“Coronavirus has become familiar to most of us and the signs are similar to those of flu and RSV. To complicate matters further, some people get very sick, while others have very mild symptoms, and others have no symptoms at all. While most people develop symptoms within the first week of exposure, symptoms can appear two to 14 days after exposure to the virus.”
“Unlike other viruses, COVID-19 can affect other areas of the body outside of the lungs and in some cases have long-term effects,” says Dr. hoffman
COVID-19 symptoms include:
- Short fever
- shortness of breath
- stomach pain
- loss of taste or smell
- traffic jam
- Sore throat
- nausea or vomiting
- muscle or body pain
RSV is a virus that many adults would have contracted, and it generally only causes common cold symptoms in adults. “If you think back to that cold you got that just wouldn’t go away, you kept having congestion and maybe a cough that lasted longer than usual, there’s a good chance it was RSV. And again, flu symptoms can include fever, chills, headache, runny nose or congestion, nausea, fatigue, loss of appetite and sore throat,” said Dr. Hoffman.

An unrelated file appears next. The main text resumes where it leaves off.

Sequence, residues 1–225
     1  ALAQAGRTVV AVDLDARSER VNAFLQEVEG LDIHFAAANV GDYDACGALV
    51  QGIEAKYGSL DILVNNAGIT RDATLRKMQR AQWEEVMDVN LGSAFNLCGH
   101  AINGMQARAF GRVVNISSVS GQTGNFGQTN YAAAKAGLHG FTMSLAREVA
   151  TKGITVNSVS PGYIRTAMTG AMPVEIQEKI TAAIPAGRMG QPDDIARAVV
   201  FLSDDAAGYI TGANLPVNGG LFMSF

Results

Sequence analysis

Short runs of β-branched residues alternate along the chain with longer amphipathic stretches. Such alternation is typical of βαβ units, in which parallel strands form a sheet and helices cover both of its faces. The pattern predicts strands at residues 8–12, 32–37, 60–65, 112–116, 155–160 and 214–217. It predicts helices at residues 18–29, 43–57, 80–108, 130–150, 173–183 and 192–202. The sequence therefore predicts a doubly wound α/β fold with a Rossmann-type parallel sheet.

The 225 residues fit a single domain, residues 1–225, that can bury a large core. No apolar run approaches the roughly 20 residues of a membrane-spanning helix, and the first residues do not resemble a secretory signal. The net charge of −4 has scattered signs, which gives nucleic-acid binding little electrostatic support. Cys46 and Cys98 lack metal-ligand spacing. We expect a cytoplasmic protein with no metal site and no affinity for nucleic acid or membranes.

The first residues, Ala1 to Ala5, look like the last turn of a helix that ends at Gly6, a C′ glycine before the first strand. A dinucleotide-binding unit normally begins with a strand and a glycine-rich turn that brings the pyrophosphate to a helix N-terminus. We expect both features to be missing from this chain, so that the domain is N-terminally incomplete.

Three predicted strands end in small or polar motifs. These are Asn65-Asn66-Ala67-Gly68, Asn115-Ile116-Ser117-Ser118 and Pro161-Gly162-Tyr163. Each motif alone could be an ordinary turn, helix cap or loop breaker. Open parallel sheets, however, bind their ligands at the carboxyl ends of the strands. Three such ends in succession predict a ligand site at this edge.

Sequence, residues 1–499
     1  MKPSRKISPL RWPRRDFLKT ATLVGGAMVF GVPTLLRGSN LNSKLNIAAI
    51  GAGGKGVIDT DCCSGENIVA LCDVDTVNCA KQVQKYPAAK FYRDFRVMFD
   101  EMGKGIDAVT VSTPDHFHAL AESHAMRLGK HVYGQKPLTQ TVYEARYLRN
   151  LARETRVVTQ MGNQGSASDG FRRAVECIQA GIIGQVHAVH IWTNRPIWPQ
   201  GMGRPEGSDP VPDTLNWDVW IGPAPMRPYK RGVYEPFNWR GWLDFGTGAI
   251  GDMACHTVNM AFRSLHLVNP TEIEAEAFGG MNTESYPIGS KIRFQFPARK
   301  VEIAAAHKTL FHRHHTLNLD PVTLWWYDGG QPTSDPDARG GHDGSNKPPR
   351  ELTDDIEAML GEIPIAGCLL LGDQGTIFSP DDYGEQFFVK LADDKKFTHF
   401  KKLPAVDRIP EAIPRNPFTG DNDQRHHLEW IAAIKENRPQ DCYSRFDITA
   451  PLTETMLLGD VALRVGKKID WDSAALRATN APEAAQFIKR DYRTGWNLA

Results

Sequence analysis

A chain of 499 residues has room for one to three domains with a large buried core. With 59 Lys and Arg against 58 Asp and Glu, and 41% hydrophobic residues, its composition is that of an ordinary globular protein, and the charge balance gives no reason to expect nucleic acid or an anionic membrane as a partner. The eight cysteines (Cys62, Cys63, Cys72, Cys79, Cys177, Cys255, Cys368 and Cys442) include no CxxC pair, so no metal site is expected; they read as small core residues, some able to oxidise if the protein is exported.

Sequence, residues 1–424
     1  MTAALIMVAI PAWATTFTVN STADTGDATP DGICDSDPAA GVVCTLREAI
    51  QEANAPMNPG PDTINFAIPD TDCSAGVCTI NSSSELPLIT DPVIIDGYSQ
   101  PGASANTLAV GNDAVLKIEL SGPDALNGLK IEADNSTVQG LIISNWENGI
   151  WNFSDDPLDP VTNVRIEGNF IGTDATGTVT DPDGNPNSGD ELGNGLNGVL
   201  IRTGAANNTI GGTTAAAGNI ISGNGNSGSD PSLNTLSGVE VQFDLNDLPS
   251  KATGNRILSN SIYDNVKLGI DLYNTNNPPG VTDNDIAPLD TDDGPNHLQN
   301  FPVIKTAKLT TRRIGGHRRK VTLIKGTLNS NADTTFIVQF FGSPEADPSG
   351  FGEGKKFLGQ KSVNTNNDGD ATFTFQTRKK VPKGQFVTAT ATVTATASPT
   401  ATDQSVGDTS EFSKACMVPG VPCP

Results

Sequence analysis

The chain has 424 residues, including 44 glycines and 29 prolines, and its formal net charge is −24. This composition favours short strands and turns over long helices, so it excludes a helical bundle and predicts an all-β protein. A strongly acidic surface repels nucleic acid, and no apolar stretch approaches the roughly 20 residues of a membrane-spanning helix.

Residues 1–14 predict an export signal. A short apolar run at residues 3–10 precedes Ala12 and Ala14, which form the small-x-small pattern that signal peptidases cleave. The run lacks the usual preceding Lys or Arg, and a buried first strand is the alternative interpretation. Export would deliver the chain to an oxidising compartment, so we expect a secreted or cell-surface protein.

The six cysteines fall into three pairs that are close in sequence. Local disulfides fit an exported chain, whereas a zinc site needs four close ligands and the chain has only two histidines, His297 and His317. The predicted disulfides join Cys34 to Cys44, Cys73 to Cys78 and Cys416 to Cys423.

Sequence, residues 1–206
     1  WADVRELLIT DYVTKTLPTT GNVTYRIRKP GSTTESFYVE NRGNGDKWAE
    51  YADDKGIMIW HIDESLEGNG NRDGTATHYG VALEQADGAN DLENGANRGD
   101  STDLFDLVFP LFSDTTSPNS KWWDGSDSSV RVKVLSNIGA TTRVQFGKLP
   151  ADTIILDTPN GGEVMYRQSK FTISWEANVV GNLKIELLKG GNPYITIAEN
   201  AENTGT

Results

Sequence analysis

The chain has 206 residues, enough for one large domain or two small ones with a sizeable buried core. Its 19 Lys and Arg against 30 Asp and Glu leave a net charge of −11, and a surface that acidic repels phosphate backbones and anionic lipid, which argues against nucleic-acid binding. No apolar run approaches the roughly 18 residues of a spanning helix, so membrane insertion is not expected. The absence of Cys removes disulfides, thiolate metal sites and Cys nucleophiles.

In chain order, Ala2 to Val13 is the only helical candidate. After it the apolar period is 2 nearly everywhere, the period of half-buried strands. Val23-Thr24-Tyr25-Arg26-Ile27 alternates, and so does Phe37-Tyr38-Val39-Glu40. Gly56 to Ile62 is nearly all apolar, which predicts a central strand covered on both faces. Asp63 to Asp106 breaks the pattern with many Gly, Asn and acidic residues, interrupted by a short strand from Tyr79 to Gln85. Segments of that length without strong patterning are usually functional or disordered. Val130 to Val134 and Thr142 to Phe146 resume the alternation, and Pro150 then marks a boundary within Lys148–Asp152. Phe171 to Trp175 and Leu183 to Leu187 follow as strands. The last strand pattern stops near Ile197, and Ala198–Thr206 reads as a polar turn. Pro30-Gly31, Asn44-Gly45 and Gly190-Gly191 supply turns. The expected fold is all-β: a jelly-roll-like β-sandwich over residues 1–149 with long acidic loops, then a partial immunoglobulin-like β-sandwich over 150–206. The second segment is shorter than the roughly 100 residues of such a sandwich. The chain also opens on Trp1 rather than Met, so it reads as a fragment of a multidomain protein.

RSV causes a runny nose, congestion, and cough in most people. according to dr Hoffman, RSV is more likely to cause serious illness in very young children, particularly those born prematurely or those with lung or heart disease. The most noticeable symptom exhibited by some children infected with RSV is wheezing. Gasp is a high-pitched sound with each exhalation.
“For most people, and even most children, RSV does not cause a dangerous disease. But it does for a subset of children. Even children with serious illnesses that require hospitalization are usually fine. Maybe they need a little oxygen, maybe they just need to be watched closely. RSV is most likely causing significant or, you know, more worrying diseases in very young children and very old adults,” said Dr. Hoffman.